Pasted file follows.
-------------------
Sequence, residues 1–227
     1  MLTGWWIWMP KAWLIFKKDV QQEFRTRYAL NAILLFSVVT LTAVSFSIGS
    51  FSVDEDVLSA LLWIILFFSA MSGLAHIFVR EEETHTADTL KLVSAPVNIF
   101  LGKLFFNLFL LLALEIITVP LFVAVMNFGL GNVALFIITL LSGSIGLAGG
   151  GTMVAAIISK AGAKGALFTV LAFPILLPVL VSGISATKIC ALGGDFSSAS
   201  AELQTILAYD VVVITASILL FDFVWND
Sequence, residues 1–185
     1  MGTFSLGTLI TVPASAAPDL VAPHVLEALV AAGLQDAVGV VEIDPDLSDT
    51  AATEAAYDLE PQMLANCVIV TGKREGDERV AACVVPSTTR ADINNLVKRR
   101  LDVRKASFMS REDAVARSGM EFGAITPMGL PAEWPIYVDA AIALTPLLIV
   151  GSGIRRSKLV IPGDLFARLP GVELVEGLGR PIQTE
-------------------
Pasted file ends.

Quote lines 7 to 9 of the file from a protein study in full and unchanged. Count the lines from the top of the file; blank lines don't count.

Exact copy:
Sequence, residues 1–185
     1  MGTFSLGTLI TVPASAAPDL VAPHVLEALV AAGLQDAVGV VEIDPDLSDT
    51  AATEAAYDLE PQMLANCVIV TGKREGDERV AACVVPSTTR ADINNLVKRR